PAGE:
June 1991. S. and P. Sec. 120 Wall Street. Illuminating Engineering Society of North America. “Characteristics and Needs for Overhead Guide Sign Illumination from Vehicular Headlamps. Illuminating Engineering Society of North America. Roadway Lighting Committee of the IESNA.” Council on Uniform Traffic Control Devices of Canada. Guide for the Selection of Photocontrols for Outdoor Lighting Applications. Floor 17. NY 10005-4001. 191. D.” Society of Automotive Engineers. Washington DC. New York. IESNA Lighting Handbook. Department of Transportation. 120 Wall Street.120 Wall Street. 3. M.” Journal of the Illuminating Engineering Society. Saremi. Floor 17. 9th Edition. J. SAE publication no. IESNA Testing Procedures Committee. 2. 1998. Lewin. 8 . January 1974. “Night Legibility Distances of Highway Signs. NY 10005-4001. McLean. Transportation Association of Canada. 11. Simmons: “Color Recognition of Retroreflective Traffic Signs Under Various Lighting Conditions”. National Research Council. 4.B. T. Public Roads. Transportation Research Record 1213. Vol. 120 Wall Street. Guide for Photometric Measurements of Roadway Sign Installations. 1958. NY 10005-4001. “The Potential Impact of Automotive Headlight Changes on the Visibility of Retro-reflective Highway Signs. Arens. LM-52-98.B. 870238.R. 8. 1982. 3. Hussain. NY 10005-4001. Turner Fairbank Highway Research Center. 1989.S. Floor 17. Roadway Lighting Committee of the IESNA. 6. Washington. U. No. 2A-11 through 2A-15. Washington. “Recommended Practice for Roadway Sign Lighting. Arens. Allen.IESNA RP-19-01 References 1.” Report no. pp. 1998.” RP-19-1982. SAE. p. 9. Transportation Research Board. Vol. “ A Luminance Approach to Highway Sign Lighting.C. pp. Federal Highway Administration. DC 1988.” Federal Highway Administration. 55. Parsonson: “Effects of Light Sources On Highway Sign Color Recognition”. 1-7. No. 5. A. VA.S. New York. 7.J. Floor 17. I. 1987 International Congress.” Highway Research Board Bulletin. Illuminating Engineering Society of North America. 1. “Manual On Uniform Traffic Control Devices. New York. 122. Federal Highway Administration. John B. 2.. 2000. Troy Michigan. J. Illuminating Engineering Society of North America. F. DG-1398. NY 10005-4001. 33-40. No.120 Wall Street. New York. New York. Arens. 10. Floor 17. Illuminating Engineering Society of North America. “Manual of Uniform Traffic Control Devices. FHWA-RD-98-135. and C.

Washington. Washington. Federal Highway Administration. Letter Width. DC. Dahlstedt. Dauber. “Luminance Requirements for Illuminated Signs. Allen. Gordon. 5565. pp. Changes of acuity and contrast sensitivity with age. W. S. Colomb. Bernstein.” Public Roads. CIE Publication No. FHWA/RD-80/051. P. Minimal Luminance Requirements for Official Highway Signs. 179. et al. Youngblood. Straub. Woltman. D.” Highway Research Board Bulletin No.. Freeman. Forbes. B. Allen and A. Michele and Gerald Michaut. “Luminance Uniformity and Legibility of Traffic Signs. Report No. • • • Mace. Sven. Highway Research Board. 1984. W. • • W. Forbes. 1977 Wachtel. 1939. FHWA/RD-84/087. May 1986. 1986. 109-128. Federal Highway Administration. “An Evaluation of the Luminance Contrast Requirements of Highway Signs. Sign Luminance Requirements for Various Background Complexities. L. No. King and G. S.216. Vol. DC.” A. 127. D. DC. National Academy of Sciences. 628. Federal Highway Administration. 313-319. E. NCHRP Project 3-27 (Loan copies available). and Retroflectorization. 1966. L. Proceedings. L. H.IESNA RP-19-01 Bibliography • M. Federal Highway Administration. et al. Virginia.” Highway Research Record no. R.R. Pollack. 321-335.B. Report No.” American Journal of Optometry. B. “Night Visibility of Overhead Guide Signs: A Review of the Literature. 217-221. 1969. 1-22.. 1933. “Retroreflective Road Signs: Visibility at Night. National Academy of Sciences. “Color and Brightness Factors in Simulated and Full-Scale Traffic Sign Visibility. Report No. 1995. Washington. 67-92. 1970. Part 3. “Sign Brightness and Legibility.R. September 1985. Richards. Washington. FHWA/RD-85/056. 43.” Lighting Research and Technology. pp. 5. L.” Transportation Research Record No. Zweig.” Traffic Engineering. Donald A. Jerry and Ross Netherton. W. DC pp. “Legibility Distances of Highway Destination Signs in Relation to Letter Height.. 1977. 6. No. Holmes. 1967 pp.” Highway Research Record. Olson. 1-8. W.” Highway Research Record No. R. 4. “The comparative visibility of standard luminous and non-luminous signs. L. FHWA/RD886/151. and W. pp. DC. Youngblood and H. 16-37. D. Washington. J. Vol. “Vision at levels of night road illumination XIII. Austria. “Factors in Highway Sign Visibility. Commission Internationale de l’Eclairage: Maintaining Night-Time Visibility of Retroreflective Road Signs. 1968. Hostetter. 377. P.” Transportation Research Record no. 44-48. DC. “A brightness inventory of contemporary signing materials for guide signs. 1093. pp. pp. pp. and K.” Report no. • • • • • • • • • • • • 9 . W. pp. Hills. Vienna. McLean. Safety and Environmental Design Consideration in the Use of Commercial Electronic Variable-Message Signage. and W. “Evaluating Nighttime Sign Surrounds. Determining the Luminous Requirements of Retroreflective Signing. 1974. and A. June 1980 Woltman. M. 58-65. 1955. National Academy of Sciences.” Proceedings. Forbes and R. J. 113. pp. Washington. D. Mills. pp. Mace. 1971.. L.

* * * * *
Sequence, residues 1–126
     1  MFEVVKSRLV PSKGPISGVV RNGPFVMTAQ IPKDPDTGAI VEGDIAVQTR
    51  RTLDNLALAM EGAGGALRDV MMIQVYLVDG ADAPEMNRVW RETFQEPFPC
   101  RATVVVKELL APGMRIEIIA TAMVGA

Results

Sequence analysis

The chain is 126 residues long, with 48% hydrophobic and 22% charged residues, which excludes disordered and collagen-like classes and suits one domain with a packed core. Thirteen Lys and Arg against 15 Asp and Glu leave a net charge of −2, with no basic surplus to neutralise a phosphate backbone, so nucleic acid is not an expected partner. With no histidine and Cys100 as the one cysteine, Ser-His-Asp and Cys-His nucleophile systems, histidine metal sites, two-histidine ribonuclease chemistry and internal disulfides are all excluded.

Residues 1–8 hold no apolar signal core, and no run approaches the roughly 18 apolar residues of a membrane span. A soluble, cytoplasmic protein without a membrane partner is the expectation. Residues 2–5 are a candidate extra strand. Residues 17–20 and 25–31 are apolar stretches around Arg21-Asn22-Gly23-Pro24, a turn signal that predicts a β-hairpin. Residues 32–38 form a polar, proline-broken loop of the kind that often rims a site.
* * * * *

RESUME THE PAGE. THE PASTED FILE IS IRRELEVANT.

The LIGHTING AUTHORITY ® Illuminating Engineering Society of North America 120 Wall St.org $28. NY 10005 http://www.00 Order # RP-19-01 ISBN # 0-87995-175-3 . 17th Floor New York.iesna.